DuckDuckGo’s App Tracking Protection is worth trying, despite issues


Last year, privacy-focused search provider DuckDuckGo launched the ‘App Tracking Protection’ beta, which blocks third-party tracking requests.

I joined the beta and have been using the feature since late December. Overall, it works fairly well, although I do have a few gripes.

Since there’s already lots of coverage about what App Tracking Protection is and how it works, I’ll try to keep this part short. DuckDuckGo pitches App Tracking Protection as a way for Android users to opt out of data tracking in smartphone apps. The service is comparable to Apple’s App Tracking Transparency feature, but with a few key differences I’ll dig into more in a bit.

DuckDuckGo’s App Tracking Protection feature uses Android’s VPN functionality to filter network traffic coming from apps. App Tracking Protection will stop the app from sending that data when it recognizes an app trying to send data to a third-party tracker.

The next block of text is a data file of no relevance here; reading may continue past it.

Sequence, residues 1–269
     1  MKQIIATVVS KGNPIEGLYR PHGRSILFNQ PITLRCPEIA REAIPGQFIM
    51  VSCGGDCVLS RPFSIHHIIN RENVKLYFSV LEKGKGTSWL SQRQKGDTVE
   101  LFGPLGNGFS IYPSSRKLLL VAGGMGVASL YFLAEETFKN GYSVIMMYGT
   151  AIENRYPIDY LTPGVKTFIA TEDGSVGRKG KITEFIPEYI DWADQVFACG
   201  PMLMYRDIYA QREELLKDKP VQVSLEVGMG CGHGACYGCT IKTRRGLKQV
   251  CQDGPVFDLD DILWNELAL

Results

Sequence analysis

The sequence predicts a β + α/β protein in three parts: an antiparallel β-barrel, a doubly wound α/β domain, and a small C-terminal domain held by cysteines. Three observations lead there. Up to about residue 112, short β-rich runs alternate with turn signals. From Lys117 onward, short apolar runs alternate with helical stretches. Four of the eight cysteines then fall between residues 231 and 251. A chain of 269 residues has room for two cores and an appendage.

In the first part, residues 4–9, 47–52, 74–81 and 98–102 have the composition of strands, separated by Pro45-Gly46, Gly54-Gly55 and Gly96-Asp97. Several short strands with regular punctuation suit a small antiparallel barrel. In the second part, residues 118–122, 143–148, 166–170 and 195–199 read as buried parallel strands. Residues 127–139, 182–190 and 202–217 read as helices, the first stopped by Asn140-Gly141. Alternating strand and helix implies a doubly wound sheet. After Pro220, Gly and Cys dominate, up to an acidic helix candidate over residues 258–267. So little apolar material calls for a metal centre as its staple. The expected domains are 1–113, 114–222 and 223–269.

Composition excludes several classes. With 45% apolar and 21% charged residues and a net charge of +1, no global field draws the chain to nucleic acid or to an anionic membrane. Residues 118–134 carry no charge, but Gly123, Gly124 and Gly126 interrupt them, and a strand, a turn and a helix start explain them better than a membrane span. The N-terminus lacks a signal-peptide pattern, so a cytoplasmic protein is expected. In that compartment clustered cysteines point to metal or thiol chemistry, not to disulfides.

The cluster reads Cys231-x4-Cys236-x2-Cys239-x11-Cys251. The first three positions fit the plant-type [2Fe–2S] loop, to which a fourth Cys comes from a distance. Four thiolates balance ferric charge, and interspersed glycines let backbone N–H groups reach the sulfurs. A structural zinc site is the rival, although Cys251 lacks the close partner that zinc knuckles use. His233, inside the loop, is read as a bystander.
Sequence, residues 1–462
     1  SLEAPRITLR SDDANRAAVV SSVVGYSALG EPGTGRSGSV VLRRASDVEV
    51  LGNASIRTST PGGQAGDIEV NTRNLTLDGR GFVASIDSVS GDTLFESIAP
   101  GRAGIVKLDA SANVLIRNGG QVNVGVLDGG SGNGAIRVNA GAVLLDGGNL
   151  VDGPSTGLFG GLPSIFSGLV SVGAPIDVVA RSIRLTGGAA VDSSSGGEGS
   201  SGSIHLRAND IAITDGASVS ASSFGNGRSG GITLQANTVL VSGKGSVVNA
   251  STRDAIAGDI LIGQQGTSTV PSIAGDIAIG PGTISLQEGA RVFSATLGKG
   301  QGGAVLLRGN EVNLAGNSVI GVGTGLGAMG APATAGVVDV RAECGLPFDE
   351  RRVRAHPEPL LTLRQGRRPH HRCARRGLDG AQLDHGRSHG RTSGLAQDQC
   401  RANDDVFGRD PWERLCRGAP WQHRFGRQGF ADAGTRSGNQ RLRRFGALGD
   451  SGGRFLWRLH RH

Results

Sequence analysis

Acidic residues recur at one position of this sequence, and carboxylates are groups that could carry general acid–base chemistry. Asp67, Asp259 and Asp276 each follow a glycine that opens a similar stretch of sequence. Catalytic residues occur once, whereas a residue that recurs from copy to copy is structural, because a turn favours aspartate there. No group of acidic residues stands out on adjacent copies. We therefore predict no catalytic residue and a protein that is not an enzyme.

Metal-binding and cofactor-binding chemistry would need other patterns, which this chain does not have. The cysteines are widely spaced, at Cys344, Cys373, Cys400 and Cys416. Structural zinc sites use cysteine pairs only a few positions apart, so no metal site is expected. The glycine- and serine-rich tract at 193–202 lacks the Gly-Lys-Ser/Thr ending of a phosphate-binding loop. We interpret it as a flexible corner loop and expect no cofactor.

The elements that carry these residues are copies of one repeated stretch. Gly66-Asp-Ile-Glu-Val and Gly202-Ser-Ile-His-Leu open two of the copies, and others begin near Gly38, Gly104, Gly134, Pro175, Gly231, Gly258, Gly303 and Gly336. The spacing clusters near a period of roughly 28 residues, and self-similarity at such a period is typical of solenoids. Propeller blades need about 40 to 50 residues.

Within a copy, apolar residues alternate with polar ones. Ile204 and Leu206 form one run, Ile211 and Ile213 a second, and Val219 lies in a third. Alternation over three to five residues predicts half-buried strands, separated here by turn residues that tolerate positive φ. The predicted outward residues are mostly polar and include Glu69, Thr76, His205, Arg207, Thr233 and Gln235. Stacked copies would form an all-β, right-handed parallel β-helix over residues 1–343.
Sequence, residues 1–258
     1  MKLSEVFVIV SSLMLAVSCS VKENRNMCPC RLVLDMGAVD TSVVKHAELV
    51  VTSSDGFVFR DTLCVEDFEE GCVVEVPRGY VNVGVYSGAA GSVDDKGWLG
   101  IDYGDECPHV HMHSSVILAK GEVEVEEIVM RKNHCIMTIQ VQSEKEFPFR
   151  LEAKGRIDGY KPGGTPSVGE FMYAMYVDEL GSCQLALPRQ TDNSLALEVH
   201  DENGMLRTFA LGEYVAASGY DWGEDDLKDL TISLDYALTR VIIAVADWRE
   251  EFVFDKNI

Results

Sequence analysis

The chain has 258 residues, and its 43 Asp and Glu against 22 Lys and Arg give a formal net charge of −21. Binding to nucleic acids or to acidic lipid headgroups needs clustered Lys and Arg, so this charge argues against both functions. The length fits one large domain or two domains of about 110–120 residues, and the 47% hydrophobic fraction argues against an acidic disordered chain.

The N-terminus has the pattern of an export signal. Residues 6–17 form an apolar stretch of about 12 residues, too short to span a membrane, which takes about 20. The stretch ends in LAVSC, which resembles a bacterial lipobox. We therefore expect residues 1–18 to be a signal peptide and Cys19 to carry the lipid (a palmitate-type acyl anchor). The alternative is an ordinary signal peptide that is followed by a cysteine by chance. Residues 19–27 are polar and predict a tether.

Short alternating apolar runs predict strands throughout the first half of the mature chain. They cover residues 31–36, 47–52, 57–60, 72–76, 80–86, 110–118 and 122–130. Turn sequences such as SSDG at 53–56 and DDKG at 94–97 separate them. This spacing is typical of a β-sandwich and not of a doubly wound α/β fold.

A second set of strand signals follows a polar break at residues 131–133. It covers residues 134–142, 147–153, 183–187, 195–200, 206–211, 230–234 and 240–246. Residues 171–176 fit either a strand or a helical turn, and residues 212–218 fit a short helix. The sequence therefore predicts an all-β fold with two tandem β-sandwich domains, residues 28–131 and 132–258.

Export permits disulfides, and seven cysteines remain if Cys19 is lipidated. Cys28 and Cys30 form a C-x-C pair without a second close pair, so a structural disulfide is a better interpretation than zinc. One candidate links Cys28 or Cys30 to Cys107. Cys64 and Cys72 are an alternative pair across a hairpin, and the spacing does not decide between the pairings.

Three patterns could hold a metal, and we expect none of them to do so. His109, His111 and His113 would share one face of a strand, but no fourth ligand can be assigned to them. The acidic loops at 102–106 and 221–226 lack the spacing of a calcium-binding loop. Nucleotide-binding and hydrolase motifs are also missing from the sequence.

It’s worth noting that although DuckDuckGo utilizes Android’s VPN functionality, it isn’t a VPN. Instead, DuckDuckGo says the feature uses a local “VPN connection” and handles everything on-device instead of routing users’ data through external servers. This approach lets App Tracking Protection work across most apps on your Android phone. Unfortunately for VPN users, that approach also means you won’t be able to use App Tracking Protection at the same time as an actual VPN.

For more on the nitty-gritty of how App Tracking Protection works, check out The Verge or DuckDuckGo’s blog post.

Over 2,000 tracking attempts blocked in the past week

More important than how App Tracking Protection works is how well it works. And so far, I’d say it works pretty well.

In the time I’ve been using App Tracking Protection on my Pixel 6, I haven’t noticed any significant change to battery life or performance. Running App Tracking Protection also didn’t break any of the apps I use on a regular basis, which is good if you’re worried about that.

If you did encounter an issue with a specific app, you can exclude individual apps from App Tracking Protection in the DuckDuckGo app’s settings. Speaking of which, one of my few gripes with App Tracking Protection is needing the DuckDuckGo app.